Along with colleagues posted in Beirut, I discovered there were somehow always new depths to plumb, even greater misery to report, as the war went on.
Lebanon is the hardest of postings. You spend most of your time covering a place that is just a few hundred miles away but largely impossible to access, and that creates a cognitive dissonance. You watch videos of dead and dying children, file your story in time for deadline and then meet your friends for late-night cocktails in one of Beirut's many bars.
The party scene in Lebanon didn’t stop because there was a war raging next door – and nor should it have been expected to. I remember a visiting European surgeon, who had just returned from a trip to Aleppo, griping to me over dinner that he thought it showed an unforgivable lack of compassion on the part of Beirutis.
But only the short-memoried could forget that Lebanon's own brutal 15-year civil war had ended not all that long before. If life paused whenever there was a threat of another conflict, the country would be in a state of near-permanent paralysis.
Beirut was where I took my first job in journalism, a brief stint at the local Daily Star newspaper in 2009-10. I made several trips – visa dashes, as we called them – over the border to Syria before the conflict.
I remember the air feeling much thicker in Damascus and the atmosphere being much darker, even in those days. The presence of the feared mukhabarat, or secret police, could be keenly felt even by visitors. Lebanon, in comparison, always felt much freer.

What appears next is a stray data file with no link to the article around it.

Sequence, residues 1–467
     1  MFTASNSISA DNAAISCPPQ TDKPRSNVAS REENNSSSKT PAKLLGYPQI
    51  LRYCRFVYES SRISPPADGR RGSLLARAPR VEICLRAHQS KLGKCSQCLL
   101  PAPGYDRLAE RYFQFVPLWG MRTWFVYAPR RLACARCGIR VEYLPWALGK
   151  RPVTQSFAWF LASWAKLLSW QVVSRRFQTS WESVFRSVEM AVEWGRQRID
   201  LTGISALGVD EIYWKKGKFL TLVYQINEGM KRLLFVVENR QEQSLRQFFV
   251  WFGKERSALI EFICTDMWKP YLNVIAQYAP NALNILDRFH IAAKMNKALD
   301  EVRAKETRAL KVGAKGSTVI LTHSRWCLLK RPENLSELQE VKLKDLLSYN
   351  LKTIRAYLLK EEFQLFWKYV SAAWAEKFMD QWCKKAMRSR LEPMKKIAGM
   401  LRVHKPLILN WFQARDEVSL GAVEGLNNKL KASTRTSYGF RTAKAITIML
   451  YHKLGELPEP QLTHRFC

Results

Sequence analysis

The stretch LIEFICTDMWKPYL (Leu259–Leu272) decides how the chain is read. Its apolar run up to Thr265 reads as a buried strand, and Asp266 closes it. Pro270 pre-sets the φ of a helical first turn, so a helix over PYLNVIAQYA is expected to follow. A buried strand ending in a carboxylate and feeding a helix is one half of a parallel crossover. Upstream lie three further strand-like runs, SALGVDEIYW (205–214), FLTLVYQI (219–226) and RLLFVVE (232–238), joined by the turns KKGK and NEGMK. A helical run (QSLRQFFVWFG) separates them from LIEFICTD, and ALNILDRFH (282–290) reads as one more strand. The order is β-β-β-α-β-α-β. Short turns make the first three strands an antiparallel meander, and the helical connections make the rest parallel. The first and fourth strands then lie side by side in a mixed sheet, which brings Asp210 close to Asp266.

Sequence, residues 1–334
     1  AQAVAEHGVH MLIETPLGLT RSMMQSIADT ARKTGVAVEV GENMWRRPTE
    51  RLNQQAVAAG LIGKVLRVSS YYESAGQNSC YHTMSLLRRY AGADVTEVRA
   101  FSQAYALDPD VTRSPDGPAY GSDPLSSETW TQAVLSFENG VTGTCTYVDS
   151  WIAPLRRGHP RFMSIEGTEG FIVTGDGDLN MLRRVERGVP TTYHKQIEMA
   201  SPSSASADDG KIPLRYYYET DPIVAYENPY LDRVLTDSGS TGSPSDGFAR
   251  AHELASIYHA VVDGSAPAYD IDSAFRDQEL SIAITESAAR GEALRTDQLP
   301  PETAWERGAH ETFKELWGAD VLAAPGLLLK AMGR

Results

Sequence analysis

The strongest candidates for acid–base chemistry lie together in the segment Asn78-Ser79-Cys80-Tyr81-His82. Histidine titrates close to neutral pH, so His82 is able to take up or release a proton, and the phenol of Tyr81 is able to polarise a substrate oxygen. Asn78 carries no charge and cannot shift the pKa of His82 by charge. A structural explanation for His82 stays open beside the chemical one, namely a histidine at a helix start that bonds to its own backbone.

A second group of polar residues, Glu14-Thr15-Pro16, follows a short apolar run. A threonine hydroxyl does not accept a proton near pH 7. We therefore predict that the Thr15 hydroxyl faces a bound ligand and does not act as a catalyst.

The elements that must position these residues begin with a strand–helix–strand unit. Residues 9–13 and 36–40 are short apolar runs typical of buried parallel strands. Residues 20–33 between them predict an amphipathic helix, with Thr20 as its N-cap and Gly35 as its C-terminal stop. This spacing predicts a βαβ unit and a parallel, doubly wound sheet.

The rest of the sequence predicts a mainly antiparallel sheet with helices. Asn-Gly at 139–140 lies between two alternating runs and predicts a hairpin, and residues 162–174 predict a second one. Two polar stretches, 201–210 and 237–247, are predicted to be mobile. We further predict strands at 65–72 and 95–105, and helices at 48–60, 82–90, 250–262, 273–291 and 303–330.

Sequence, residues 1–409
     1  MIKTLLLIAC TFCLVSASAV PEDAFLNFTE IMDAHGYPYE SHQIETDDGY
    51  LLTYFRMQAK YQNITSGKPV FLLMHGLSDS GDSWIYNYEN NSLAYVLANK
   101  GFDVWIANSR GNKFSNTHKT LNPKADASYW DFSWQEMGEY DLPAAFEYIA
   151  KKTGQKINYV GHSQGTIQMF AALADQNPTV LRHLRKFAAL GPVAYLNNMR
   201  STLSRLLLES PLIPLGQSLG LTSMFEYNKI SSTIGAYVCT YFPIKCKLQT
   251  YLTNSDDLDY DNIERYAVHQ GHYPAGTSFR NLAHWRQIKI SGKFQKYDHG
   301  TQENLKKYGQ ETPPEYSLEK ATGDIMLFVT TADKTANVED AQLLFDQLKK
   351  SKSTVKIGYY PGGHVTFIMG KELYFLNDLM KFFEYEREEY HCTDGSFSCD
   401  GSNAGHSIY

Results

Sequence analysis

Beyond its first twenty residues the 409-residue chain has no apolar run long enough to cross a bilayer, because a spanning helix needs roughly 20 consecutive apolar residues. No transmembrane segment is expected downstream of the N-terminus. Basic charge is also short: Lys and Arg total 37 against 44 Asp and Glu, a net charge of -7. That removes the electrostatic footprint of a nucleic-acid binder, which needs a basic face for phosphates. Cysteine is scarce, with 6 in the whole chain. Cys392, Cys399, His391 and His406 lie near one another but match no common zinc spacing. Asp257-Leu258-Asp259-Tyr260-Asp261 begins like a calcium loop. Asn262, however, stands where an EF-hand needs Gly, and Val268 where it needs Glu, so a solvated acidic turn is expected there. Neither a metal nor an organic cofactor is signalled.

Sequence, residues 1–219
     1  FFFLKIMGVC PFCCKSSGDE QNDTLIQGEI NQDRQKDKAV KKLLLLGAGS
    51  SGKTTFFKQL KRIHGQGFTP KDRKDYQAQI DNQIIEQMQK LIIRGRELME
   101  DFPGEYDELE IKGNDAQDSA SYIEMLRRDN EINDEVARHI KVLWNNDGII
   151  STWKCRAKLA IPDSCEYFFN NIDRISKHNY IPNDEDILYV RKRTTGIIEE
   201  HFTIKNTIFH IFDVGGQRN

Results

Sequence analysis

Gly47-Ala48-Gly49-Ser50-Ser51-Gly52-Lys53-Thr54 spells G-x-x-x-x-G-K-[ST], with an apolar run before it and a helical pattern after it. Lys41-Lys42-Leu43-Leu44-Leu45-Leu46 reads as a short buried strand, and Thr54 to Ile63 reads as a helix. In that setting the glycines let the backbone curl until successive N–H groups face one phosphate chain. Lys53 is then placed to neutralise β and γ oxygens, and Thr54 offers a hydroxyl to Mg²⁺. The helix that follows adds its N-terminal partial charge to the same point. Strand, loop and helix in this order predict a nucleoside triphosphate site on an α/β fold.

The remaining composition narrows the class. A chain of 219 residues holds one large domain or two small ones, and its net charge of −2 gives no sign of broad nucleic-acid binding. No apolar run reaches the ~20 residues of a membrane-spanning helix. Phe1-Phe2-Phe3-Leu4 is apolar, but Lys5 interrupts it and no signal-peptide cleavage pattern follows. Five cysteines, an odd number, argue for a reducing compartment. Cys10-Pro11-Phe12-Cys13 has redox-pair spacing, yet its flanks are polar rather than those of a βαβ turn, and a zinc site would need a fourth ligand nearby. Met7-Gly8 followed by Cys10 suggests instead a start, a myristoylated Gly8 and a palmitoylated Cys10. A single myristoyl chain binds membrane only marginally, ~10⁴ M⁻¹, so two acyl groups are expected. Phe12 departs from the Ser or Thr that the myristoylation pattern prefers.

After I left the Middle East to take up the graduate scheme at The Telegraph in London, the Syrian friends I had made before the war implored me to do what I could to draw attention to the increasingly bleak situation in their country. Naively, I thought that by returning to the region in 2016 I could make a difference, however small.
In my first year in the post, journalists watched as Bashar al-Assad's militias besieged tens of thousands of civilians in Aleppo, Syria's second city. Pictures of children crushed under rubble, their skulls caved in, and WhatsApp messages from doctors trapped in the basements of bombed hospitals arrived to our phones in real time.
It 2017, there was a deadly chemical attack on the town of Khan Sheikhoun in Idlib, four years after the US had declared that such an attack would be its "red line". I reported on Abdulhamid al-Youssef, a father who lost infant twins. The pictures of him holding their limp, pale bodies to his chest as he sobbed stayed with me for a long time. They apparently also stirred Donald Trump, the US President, who ordered punitive strikes on regime targets and told the world that such a thing would never be allowed to happen again.
But in 2018, it did happen again. Chlorine gas dropped from regime helicopters killed more than 90 people, most of them women and children, in the Damascus suburb of Douma. The images were all too familiar – kids with pin-prick pupils, frothing at the mouth. That same year, we documented several more cities falling to the same fate as Aleppo. The contacts I used to speak to on a daily basis stopped responding as soon as the regime returned.